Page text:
9 Theorem 1 In the synchronous model the rbb strategy always converges to its fixed point. The number of steps until convergence is bounded by ( ( log(1 γ O 2 k )) ) v 1 log γ + log (1/γ ) min 1 i k (v i v i+1 ) + log θ 1 (1/γ ), θ k θ i where γ = max i θ i 1. Holding click-through rates θ i fixed, this simplifies to ( 2 k ) v 1 O. min 1 i k (v i v i+1 ) Proof. We first bound the number of steps until convergence of the price of slot k and the set of players who will not be allocated slots. As above, we define γ i = θ i /θ i 1. Lemma 1 Player p prefers to target slot j rather than slot j 1 if and only if (1 γ j )v p + γ j p j < p j 1. Proof. From the definitions in the preceding sections, player p prefers slot j over slot j 1 if and only if: θ j (v p p j ) > θ j 1 (v p p j 1 ) θ j v p θ j p j > θ j 1 v p θ j 1 p j 1 v p γ j v p + γ j p j < p j 1 (1 γ j )v p + γ j p j < p j 1 Lemma 2 At every round t such that t > t 1 = 2+log γ ((1 γ )(v k v k+1 )/v k+1 ), where γ = max i>0 θ i /θ i 1, we have: b i > v k+1 if i k, b i = v i if i k + 1. Proof. Let b denote the (k + 1)st highest bid. By definition, b can never be more than v k+1. Suppose for some round that b is less than v k+1. Take any player i in {1, 2,..., k+1}. In the next round, i will either bid his value or target some slot j {1,... k} and bid b i = (1 γ j)v i + γ j p j (1 γ )v k+1 + γ b b + (1 γ )(v k+1 b). In either case, (v k+1 b i) γ (v k+1 b). Initially v k+1 b v k+1. How many rounds does it take before v k+1 b < (1 γ )(v k v k+1 )? At most r log γ ((1 γ )(v k v k+1 )/v k+1 ). In round r + 1, bidders i {1,... k} will each bid either v i > v k+1 or bid at least b i = (1 γ j )v i + γ j p j (1 γ )v k + γ b b + (1 γ )(v k b) > b + (1 γ )(v k v k+1 ) > v k+1. 8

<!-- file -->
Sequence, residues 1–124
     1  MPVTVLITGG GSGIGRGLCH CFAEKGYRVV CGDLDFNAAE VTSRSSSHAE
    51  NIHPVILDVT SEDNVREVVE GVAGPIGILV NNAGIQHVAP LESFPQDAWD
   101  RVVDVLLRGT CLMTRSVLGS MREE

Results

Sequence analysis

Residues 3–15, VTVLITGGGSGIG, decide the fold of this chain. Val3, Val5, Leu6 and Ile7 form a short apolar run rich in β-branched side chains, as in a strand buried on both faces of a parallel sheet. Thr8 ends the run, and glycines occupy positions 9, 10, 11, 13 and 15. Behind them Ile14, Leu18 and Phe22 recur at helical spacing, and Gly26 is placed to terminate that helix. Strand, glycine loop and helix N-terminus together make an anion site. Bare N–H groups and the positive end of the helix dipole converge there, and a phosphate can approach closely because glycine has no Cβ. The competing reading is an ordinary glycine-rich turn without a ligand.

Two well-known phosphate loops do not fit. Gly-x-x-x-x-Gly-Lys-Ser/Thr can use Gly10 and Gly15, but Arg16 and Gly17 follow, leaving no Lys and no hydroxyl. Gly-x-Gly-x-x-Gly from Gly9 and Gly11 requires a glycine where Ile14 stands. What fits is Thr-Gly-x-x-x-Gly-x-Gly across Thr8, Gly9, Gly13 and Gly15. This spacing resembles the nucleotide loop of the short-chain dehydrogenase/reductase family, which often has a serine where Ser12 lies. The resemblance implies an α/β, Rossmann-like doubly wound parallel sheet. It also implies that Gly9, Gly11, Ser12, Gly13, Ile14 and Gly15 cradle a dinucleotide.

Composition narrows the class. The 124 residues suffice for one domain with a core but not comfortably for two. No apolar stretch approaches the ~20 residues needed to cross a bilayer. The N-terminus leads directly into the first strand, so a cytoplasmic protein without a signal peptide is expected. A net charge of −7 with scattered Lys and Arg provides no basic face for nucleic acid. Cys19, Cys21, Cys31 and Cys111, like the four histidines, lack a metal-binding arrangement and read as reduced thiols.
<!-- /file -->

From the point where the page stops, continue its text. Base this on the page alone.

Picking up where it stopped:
10 In either case, their bids are above v k+1. In round r + 2, player k + 1 will then bid v k+1 while players 1, 2,..., k continue to bid above v k+1 ; the other players don t get a slot, so they bid their value, and this concludes the proof. We now need to prove that the allocation of the k slots to the top k players converges to a fixed point. At any time, for any i [1, k], consider the players allocated slots [i + 1, k]. They are called stable if their bids and prices satisfy Equation (2), that is, the allocation is in order of decreasing values, and if π(j) is the player currently allocated slot j, then the last bids of those players satisfy b π(j) = γ j b π(j+1) + (1 γ j )v π(j), for every j [i + 1, k]. If the players allocated all slots [1, k] form a stable set, then we have reached the fixed point of the rbb strategy. Assume that the current setting is not (yet) a fixed point of the rbb strategy. Let A be the maximum stable set, with associated i 2, and let B be the set of players in slots [1, i]. Let b min denote the minimum bid from players of B. We define a partial order over sets of players. We say that A A if either A A and A A, or if the player of minimum value in the symmetric difference of A and A belongs to A. 3 This will be our measure of progress. In the next round, observe that, following the rbb strategy, players in A still bid in the same way as before. Let b min be the new minimum bid from players of B, and p be the player of B whose bid is b min. There are three cases to consider. 1. p bids below p i. Let j [i + 1, k] be the slot which was targeted by p. Because p targeted slot j, p prefers slot j to slot j 1, and so, by Lemma 1, the bid of p is less than p j 1. By the definition of rbb the bid is (1 γ j )v p + γ j p j > p j, which falls in the interval (p j 1, p j ), so p will indeed be allocated slot j. Recall that π(j) A denotes the player who was in slot j in the previous round. Since set A is stable, the definition of rbb requires p j 1 = (1 γ j )v π(j) + γ j p j. This is greater than the bid of p, so it follows that v π(j) > v p. Moreover, since p prefers slot j to slot j + 1, again by Lemma 1, we must have (1 γ j+1 )v p +γ j+1 p j+1 > p j = (1 γ j+1 )v π(j+1) + γ j+1 p j+1, and so v p > v π(j+1). Thus A = {p A : v p < v p } {p} is a stable set, and A A. 2. p targeted slot i. Then p is allocated slot i, A = A {p} is a stable set, and A A. 3. p targeted some slot j i 1. Then A is still a stable set, and b min = p i 1 has increased: b min = (1 γ j)v p + γ j p j b min + (1 γ )(v p b min ). We now define a new variable x. We will prove that Case 3 can only happen a bounded number x of times (where x depends on the θ j s and the v j s but not on the bids) before Case 1 or 2 must occur. 3 This corresponds to a lexicographic ordering of the stable sets. 9